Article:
The Defence Regulations remain in force in the West Bank as well, though Palestinian terrorism defendants are usually indicted before military courts in the West Bank for offenses under the Decree on Security Instruction.
As noted, the decree includes the death penalty as the maximum punishment for murder, as well as three safeguards against an erroneous death sentence. First, the death sentence may not be pronounced based solely on an admission of guilt. The court must conduct a trial and find that the accused is guilty beyond a reasonable doubt (Article 121). Second, a death sentence requires the unanimous decision of a panel of three military judges holding the rank of lieutenant colonel or higher (Article 165(a)). (As mentioned earlier, the bill currently before the Knesset would lift this requirement and allow the imposition of a death sentence by a majority decision.) Third, there is an automatic appeal on a death sentence to the military court of appeals, even if the convicted party does not seek one (Article 156).
Since 1967, no death penalties have been carried out in the West Bank, mainly because military prosecutors, with the government’s backing, have adopted a policy to not request the death penalty. Usually, courts do not sentence defendants to a harsher punishment than the prosecution requests. Still, in a few cases, military trial courts rendered a death sentence, but in every instance, execution was replaced with a life sentence on appeal.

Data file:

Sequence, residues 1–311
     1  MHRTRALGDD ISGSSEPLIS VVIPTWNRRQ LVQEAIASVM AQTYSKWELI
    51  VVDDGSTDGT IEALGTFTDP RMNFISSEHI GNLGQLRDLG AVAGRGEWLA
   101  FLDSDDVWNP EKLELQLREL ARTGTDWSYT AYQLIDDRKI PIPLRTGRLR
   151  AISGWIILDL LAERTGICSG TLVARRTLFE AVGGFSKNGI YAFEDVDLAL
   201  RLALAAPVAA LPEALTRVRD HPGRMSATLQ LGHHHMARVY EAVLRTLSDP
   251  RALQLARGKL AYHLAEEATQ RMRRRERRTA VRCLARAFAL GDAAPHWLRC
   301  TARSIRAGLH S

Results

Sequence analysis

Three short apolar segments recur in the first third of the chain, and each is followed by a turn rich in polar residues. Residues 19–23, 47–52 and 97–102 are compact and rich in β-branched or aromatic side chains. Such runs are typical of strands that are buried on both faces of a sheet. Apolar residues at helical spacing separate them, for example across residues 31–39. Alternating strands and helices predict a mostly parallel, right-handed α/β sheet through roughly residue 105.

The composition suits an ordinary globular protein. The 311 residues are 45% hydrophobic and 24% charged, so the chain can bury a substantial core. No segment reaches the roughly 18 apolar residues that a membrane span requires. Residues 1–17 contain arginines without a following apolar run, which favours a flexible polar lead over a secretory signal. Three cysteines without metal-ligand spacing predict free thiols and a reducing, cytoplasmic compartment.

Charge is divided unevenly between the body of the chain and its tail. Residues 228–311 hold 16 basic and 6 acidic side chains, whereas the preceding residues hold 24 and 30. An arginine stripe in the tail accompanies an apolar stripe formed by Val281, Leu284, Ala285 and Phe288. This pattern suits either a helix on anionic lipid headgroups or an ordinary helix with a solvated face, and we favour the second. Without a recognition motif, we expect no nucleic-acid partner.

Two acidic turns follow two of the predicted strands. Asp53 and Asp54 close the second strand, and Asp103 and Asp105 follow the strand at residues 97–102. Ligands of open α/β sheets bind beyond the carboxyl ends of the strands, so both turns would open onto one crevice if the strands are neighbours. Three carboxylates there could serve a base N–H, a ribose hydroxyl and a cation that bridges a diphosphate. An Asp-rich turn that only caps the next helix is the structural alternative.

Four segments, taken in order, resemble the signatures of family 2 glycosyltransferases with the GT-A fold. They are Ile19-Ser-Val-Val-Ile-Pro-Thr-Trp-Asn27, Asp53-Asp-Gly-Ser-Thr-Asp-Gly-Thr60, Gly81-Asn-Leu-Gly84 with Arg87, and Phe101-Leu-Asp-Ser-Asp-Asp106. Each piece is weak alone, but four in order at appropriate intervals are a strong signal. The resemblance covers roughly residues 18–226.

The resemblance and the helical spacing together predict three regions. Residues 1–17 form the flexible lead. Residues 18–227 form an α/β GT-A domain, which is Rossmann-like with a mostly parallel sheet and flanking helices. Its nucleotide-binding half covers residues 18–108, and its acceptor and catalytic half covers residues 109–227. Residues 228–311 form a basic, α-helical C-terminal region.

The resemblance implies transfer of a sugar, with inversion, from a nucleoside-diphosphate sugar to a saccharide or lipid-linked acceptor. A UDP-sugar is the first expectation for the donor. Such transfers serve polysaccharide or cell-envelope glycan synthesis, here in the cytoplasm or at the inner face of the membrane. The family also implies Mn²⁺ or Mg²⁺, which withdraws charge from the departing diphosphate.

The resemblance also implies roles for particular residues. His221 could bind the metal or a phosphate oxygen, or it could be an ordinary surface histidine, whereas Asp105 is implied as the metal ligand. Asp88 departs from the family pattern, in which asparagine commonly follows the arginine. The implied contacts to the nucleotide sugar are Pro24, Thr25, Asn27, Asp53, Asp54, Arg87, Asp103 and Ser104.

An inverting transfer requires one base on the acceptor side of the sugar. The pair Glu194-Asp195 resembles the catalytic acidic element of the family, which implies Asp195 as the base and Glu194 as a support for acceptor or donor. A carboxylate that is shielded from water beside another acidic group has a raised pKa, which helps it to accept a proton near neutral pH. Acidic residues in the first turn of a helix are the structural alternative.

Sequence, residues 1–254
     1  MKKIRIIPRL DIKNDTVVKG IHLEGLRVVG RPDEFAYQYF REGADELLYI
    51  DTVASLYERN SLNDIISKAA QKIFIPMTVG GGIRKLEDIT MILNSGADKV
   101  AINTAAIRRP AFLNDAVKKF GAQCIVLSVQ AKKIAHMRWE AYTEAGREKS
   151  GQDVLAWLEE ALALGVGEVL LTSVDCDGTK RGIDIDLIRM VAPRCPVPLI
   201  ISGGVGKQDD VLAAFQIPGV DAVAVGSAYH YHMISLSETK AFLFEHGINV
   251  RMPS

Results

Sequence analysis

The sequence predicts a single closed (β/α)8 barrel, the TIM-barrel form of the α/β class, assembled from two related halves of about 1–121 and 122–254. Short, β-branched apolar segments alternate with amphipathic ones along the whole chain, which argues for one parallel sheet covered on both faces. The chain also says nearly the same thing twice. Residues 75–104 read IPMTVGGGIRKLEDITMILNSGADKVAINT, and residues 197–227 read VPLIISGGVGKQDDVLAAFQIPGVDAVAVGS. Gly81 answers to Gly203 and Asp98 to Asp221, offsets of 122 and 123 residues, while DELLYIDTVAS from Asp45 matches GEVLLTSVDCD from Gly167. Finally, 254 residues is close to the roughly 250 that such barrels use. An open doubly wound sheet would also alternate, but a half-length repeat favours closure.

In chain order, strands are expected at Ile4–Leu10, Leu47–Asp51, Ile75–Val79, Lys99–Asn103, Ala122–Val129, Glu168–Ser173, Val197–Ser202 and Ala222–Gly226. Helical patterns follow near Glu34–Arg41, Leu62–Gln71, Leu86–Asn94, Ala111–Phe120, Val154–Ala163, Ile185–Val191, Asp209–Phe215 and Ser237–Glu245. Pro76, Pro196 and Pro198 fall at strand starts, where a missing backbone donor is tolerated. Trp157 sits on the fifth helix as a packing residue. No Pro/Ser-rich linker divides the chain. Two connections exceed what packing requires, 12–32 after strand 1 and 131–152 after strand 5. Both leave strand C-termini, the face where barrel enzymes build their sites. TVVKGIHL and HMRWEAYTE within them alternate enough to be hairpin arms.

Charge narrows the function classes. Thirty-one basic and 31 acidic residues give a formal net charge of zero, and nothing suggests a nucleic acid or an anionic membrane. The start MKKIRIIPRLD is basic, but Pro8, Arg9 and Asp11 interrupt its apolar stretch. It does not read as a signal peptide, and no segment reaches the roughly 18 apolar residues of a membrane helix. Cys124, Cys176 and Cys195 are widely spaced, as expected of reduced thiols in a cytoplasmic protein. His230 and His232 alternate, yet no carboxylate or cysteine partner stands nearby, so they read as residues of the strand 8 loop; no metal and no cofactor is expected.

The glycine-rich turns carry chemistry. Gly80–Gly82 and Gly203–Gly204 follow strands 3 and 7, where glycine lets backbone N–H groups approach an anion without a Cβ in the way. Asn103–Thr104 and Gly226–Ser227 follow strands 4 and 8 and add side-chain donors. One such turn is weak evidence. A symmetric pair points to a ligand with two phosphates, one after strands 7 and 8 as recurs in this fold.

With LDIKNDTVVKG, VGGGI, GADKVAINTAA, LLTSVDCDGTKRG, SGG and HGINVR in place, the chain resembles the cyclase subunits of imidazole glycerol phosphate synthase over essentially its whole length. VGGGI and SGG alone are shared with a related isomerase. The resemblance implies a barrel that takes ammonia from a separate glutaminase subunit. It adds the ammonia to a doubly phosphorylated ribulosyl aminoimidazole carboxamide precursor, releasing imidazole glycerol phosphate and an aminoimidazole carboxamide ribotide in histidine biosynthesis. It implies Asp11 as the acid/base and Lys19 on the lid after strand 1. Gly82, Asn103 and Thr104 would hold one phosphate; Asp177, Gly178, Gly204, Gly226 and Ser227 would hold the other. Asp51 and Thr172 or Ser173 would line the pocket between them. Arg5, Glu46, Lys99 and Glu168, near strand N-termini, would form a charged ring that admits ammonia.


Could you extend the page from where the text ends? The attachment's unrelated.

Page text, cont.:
Note that international humanitarian law does not preclude sentencing to death protected persons in occupied territory. Article 68 of the fourth Geneva Convention allows the death penalty for espionage, serious acts of sabotage against military installations, or intentional offenses that cause death. Three other conditions apply: The offense must have been punishable with death under the law of the territory before the occupation; the court must be made aware that the defendant is not a national of the occupying power and therefore not bound by a duty of allegiance to it; and the sentenced person must have been at least eighteen years of age at the time of the offence.